ATTENTION, READERS in the 28 EUROPEAN VAT COUNTRIES: Because of the new VAT law, you probably can't order books direct from my site now. But that's okay -- just go to my Smashwords author page.
You can order PDFs (as well as all the other ebook formats) from there.

Monday, December 30, 2019

Using the Wall Slap Drill to Improve Your Aim

Another repost combo: The first is the post I originally did the day after the Tommy Fleetwood post (which I reposted yesterday) and includes my wall slap drill. The second comes from way back in 2011, a post that goes into more detail about how the wrists move during a swing.

Please note that the first repost include a GC link that no longer works -- that's alright since I just included it to show where the quote that follows it came from -- and also note that the 2011 repost simply refers to righthanders since it was written to answer a question specifically from a rightie. If you're a leftie, just remember to 'switch hands' in the instructions. I've also added some notes at the end of this post.

A few days back, Jean Luc left a comment on an older post called Inbee Park's Pause. The material in that post had helped him -- he had been having trouble with pushed shots -- but he was looking for some help to eliminate some of the wrist rolling the new movement caused for him. He had seen a new book by Jim Hardy called The Release: Golf's Moment of Truth and was fascinated by one of Hardy's approaches to the release. He wondered if I had any ideas on whether it would work.

I don't usually use my comment responses as the basis of new blog posts but, given Jean Luc's positive response to this one, I felt it might help some of you. Jean Luc says the drill I included in this comment felt a lot like the drill in yesterday's Tommy Fleetwood post, but this one is specifically designed to minimize wrist rotation. The comment also explains why I haven't included many tips from Jim Hardy in my blog, although he's clearly been able to help a lot of golfers.

And at the end, I'll add some thoughts so you can use this drill to learn a draw or a fade.

Here, I'll just let the comment itself explain everything:

Jean Luc, I haven't read Hardy's book. And when I found info on the web about the two releases he talks about in the book (at, it seemed a bit contradictory to me -- for example, I'd say the LOP motion is a swinging motion, not a leverage motion, while the RIT motion can be either, depending on your hand and arm action. With no more explanation than I found there, it's hard for me to make hard and fast statements about what Hardy's doing.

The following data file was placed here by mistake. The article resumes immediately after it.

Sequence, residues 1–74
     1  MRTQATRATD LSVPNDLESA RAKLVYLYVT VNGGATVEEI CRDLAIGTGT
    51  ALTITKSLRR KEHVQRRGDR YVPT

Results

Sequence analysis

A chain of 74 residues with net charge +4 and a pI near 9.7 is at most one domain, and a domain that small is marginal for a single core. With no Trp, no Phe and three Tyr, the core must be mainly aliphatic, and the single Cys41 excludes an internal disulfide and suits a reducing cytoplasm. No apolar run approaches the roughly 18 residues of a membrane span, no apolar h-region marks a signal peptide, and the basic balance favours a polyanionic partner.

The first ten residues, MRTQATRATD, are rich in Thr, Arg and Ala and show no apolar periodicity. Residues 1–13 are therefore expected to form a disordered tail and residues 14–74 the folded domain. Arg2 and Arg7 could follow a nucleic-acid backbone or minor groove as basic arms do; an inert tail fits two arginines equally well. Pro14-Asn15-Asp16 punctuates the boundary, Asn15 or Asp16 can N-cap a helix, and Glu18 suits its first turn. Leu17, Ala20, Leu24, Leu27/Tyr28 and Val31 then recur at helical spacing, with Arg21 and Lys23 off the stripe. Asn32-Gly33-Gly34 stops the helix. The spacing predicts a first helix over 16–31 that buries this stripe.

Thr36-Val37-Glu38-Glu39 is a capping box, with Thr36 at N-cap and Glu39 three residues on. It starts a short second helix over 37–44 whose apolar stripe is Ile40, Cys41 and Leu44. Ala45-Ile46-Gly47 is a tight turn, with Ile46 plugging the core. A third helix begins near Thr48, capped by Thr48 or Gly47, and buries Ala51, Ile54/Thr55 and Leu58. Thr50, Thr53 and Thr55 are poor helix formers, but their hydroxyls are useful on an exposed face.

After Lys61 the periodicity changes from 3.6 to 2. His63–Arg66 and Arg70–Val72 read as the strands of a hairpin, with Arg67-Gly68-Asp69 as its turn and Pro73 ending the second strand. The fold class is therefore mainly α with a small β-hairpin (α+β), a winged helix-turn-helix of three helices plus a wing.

That said, let's see if I can give you some help with what you want to do.

Hardy is somewhat controversial among swing geeks because, although much of his material is very helpful, he makes statements that clearly contradict fact. For example, in this GC video:


he says that Hogan's swing is a one-plane swing. But in Five Lessons Hogan himself says:
On the downswing plane, a golfer swings on a slightly different plane than the backswing. THE PLANE FOR THE DOWNSWING IS LESS STEEPLY INCLINED AND IS ORIENTED WITH THE BALL QUITE DIFFERENTLY FROM THE BACKSWING PLANE. The golfer gets on this second plane -- without thinking he is changing planes -- when he turns his hips back to the left at the start of the downswing. (p87)
Hogan says his swing is a two-plane swing in three consecutive sentences, yet Hardy says it's a one-plane swing. So I'm hesitant to get too involved with his theories in this answer.

But I can tell you that what you picked up from my stuff is a two-plane swing. That's why you can finally create a bit of a looping motion. It's a more natural, more relaxed way to unwind rapidly on your downswing.

But you don't have to use a roll release (or a throw release, for that matter) to use the loop move and still square the clubface at impact. Let me suggest a feel drill for you:
  1. Take your address position without a club. Set the palm of your trail hand square to your target line. An easy way to do this is to set up next to a corner wall in your house, so you can lay your palm flat against the wall. Your trail wrist should be cocked backward just a bit, as if you had just slapped the wall. That should feel pretty normal to you.
  2. Now take your lead hand and grasp your trail wrist, as if it was the grip of the club. Your trail wrist is still slightly cocked.
  3. Now "swing" back to the top of your backswing. Don't try to rotate your wrists. With your shoulders turned 90 degrees, your palm will be aimed maybe another 45 degrees farther. Again, this should feel pretty natural.
  4. Now just "swing" down and, keeping your grip on your trail wrist, slap the wall with your trail hand. (Okay, it won't be much of a slap, but that's the motion.) You won't feel any rotation in your wrists, but you'll have to turn your body all the way through. Jimmy Ballard would call this "releasing your body." And again, it's the natural way to swing. It has the added bonus of creating a natural weight shift when you do it.
Experiment with that for a while, then start trying to make a similar move in your backyard with a club. That'll feel a little awkward at first because of the weight of the club. Just do it slowly until it starts feeling comfortable, then speed it up.

And let me know how it goes. I'm betting that you'll start to get the motion you're looking for. Just remember: You don't have to "throw" the club to get that release. The speed you'll learn to develop with the clubhead will create that motion all on its own.